The promise that no single point in one's education - and no single examination result - will determine one's future was reassuring for Ms Irene Ng, an MP in Tampines GRC.
"It's a very liberating vision, as it frees students to explore what they are good at, to develop at their own pace, and not to be afraid of failure at any one point.
"You can re-invent yourself at any point, even after you leave school, with lifelong learning. This will also help our society to redefine success and to give people more chances to prove themselves and succeed at different points in their life," she said.
Similarly, Mr Lim Biow Chuan, chairman of the Government Parliamentary Committee for Education, feels Singaporeans need not be too stressed over the PSLE or Primary 1 registration.
"There're many opportunities even if you don't follow the traditional paths of education," said the MP for Mountbatten.
Sociologist Tan Ern Ser of National University of Singapore said more open educational pathways will aid social mobility.
"This suggests that Singaporeans will always have opportunities for upward mobility, that a setback at any point does not determine one's destiny. It also means having multiple pathways to success, with getting a university degree being one of many possible trajectories of upward mobility."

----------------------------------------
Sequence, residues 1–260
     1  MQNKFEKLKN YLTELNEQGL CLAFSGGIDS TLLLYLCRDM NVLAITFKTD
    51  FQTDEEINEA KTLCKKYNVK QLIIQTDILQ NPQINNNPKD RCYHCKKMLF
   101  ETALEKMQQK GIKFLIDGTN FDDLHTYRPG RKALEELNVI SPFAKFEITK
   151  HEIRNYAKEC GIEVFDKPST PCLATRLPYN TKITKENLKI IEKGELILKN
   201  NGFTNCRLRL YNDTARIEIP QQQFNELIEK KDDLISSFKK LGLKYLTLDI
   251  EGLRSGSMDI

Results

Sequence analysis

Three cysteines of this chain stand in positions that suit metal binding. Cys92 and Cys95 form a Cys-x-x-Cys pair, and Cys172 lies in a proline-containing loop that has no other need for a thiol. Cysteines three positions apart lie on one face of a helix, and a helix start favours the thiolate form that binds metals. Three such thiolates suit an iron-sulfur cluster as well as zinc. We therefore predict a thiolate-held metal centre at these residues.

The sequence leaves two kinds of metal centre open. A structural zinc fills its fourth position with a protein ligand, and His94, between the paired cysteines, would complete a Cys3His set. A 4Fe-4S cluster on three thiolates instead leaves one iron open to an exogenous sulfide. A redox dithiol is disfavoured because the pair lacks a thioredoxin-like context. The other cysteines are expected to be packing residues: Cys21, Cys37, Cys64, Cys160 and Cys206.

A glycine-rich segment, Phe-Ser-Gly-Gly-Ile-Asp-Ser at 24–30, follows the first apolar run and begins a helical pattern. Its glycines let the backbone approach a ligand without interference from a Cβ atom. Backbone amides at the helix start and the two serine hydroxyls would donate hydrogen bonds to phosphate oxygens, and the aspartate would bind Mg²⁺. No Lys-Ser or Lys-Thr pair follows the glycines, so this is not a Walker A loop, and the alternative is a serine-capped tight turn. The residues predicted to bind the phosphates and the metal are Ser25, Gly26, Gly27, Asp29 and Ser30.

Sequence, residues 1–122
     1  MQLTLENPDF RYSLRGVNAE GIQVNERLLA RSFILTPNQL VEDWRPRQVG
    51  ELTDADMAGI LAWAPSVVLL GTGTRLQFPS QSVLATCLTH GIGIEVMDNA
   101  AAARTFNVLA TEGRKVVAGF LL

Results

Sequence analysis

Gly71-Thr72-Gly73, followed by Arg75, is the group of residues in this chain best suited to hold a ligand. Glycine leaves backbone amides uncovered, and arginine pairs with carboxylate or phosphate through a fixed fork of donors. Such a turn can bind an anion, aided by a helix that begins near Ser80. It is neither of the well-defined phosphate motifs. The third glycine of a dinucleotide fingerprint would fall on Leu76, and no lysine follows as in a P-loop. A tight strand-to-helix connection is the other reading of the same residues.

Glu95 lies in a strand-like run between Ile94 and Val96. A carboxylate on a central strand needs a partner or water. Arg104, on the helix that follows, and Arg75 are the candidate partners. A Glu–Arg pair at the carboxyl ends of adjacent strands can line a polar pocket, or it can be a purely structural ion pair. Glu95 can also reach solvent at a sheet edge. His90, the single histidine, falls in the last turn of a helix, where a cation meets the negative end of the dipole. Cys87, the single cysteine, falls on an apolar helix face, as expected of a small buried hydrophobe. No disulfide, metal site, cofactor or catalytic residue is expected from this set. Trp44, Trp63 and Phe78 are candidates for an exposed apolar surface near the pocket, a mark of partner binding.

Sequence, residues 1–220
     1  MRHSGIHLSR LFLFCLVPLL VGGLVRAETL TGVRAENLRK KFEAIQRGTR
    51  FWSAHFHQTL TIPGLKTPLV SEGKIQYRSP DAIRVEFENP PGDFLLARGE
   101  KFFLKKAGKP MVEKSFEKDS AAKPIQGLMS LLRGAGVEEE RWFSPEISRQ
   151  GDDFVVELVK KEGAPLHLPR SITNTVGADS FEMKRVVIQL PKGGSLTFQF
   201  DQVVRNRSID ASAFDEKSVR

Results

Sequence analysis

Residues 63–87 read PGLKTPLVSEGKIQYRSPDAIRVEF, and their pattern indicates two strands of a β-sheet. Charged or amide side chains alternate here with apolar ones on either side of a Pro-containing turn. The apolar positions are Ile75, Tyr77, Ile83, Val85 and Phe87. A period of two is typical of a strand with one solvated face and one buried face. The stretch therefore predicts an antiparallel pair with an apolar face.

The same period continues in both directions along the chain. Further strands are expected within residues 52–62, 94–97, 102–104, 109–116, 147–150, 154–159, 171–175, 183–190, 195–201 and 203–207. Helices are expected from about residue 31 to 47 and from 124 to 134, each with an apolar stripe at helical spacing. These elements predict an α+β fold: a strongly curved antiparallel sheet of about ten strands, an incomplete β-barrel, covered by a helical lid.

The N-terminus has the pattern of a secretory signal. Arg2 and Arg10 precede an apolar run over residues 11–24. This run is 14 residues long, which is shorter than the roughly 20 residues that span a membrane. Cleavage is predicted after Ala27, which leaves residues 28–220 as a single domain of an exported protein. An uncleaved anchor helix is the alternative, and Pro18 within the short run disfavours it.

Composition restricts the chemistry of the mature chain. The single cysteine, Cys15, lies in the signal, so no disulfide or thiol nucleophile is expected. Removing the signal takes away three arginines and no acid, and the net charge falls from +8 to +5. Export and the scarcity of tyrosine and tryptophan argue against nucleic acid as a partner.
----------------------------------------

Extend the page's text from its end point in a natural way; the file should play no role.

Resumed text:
Also needed are support from the family, community and Government, enough jobs with decent pay, opportunities for skills upgrading or retraining, and "a society in which all kinds of jobs are respected and valued", he added.
Moving away from high-stakes examinations will also enable children to acquire knowledge and be socially responsible and resilient, said Mr Liang Eng Hwa, an MP for Holland-Bukit Timah GRC.
This article was published on May 17 in The Straits Times.
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